“Shakespeare’s major strength is to build situations that explore what it is to be human. He delves into situations, ideas and emotions that are so human that they transcend time and are as relevant today as they were when he was alive.”
Choose two scenes/portions of scenes and explore how these scenes represent ideas, situations and/or emotions that you believe transcend particular contexts.
In Shakespeare’s Othello, a number of ideas, situations and emotions are closely examined that are still applicable to a modern audience, namely what it means to be human. He creates multi-dimensional characters that develop over the course of the play, making them extremely believable and relatable to all audiences. Through the characters’ interactions, universal themes of jealousy, deception, betrayal and love emerge that continue to be relevant to all contexts.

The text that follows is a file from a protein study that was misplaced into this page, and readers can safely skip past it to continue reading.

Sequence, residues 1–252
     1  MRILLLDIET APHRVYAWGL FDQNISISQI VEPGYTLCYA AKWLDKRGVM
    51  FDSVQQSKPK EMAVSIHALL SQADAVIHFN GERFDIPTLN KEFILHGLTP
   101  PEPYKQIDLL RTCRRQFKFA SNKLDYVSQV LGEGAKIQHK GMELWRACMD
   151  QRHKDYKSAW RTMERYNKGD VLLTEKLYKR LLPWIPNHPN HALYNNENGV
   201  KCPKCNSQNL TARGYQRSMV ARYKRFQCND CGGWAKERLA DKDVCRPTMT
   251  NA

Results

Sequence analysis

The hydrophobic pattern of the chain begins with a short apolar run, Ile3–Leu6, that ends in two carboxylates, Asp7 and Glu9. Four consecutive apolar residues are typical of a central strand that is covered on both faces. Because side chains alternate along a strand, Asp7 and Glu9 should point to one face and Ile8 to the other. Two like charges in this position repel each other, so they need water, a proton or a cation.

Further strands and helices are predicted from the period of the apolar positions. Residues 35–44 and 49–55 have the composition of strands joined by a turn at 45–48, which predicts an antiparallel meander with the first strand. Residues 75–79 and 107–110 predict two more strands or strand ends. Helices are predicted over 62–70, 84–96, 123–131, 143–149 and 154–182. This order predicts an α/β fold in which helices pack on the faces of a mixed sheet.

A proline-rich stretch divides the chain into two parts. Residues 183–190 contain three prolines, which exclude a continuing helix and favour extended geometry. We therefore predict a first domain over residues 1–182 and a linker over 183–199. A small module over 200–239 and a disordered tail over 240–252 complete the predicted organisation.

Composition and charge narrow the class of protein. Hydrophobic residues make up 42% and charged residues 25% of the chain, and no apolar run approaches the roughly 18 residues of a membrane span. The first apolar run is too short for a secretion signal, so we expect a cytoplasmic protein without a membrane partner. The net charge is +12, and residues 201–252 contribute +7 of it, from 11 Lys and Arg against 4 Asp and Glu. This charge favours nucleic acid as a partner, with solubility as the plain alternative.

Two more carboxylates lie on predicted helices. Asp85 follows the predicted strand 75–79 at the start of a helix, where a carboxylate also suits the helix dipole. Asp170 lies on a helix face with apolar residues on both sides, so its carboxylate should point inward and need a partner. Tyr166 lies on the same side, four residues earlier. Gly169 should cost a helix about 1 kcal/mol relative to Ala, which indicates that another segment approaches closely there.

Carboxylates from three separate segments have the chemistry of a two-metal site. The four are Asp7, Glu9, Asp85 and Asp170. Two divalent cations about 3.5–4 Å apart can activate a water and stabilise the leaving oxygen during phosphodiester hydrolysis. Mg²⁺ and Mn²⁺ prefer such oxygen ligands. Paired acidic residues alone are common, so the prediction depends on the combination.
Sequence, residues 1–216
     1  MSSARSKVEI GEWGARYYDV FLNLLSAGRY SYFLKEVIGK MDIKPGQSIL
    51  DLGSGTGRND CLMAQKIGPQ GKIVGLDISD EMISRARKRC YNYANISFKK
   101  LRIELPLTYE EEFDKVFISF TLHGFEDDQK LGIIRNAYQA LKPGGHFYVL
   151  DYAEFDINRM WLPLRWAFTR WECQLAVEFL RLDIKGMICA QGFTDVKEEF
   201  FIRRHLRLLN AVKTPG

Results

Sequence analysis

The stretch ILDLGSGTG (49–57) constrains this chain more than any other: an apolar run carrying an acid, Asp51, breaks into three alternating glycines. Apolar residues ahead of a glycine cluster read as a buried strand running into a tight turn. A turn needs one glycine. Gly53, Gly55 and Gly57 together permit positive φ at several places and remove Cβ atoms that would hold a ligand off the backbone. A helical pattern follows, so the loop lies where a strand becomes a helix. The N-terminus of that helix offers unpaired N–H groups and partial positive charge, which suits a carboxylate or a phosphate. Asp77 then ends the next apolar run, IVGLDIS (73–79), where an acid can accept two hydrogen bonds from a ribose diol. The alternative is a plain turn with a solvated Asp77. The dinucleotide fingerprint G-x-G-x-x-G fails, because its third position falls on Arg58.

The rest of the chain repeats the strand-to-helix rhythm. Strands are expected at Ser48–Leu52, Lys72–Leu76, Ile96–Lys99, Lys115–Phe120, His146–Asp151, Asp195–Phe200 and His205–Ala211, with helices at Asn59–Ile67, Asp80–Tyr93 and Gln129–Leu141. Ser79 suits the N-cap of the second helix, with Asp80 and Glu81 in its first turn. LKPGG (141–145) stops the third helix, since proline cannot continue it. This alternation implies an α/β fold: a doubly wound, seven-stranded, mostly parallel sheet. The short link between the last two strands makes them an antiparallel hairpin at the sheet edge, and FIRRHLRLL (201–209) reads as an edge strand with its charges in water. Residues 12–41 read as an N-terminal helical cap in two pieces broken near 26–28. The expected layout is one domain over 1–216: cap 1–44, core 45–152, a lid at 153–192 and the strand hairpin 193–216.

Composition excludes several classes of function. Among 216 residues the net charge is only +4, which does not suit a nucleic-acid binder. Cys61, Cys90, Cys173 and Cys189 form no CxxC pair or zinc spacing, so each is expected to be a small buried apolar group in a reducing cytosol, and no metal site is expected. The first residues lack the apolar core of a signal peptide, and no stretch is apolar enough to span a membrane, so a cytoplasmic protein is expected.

One of Shakespeare’s major strengths is his ability to build characters that are not necessarily the stereotypical hero. Modern audiences generally expect that the protagonist would be similar to a heroic character from Greek mythology or someone who is essentially perfect. However, Shakespeare creates the flawed hero in Othello, for example. He is of a generally high social status yet is dark-skinned and subject to great prejudices from the society. Othello’s major flaw was that he allowed himself to be manipulated by Iago because of his own insecurities. Over the course of the play, it is evident that Iago’s stronghold over Othello tightens as Iago’s use of crude language begins to creep into Othello’s words as in “She’s like a liar gone to burning hell” (Act 5, Scene 2) as opposed to “the fair lady” (Act 1, Scene 3) when describing Desdemona. This contrast emphasizes Othello’s loss of control of his own reasoning and his willingness to trust Iago. Othello is not the perfect hero because he loved Desdemona too much and idealized her to the point that just the thought of her infidelity triggered his...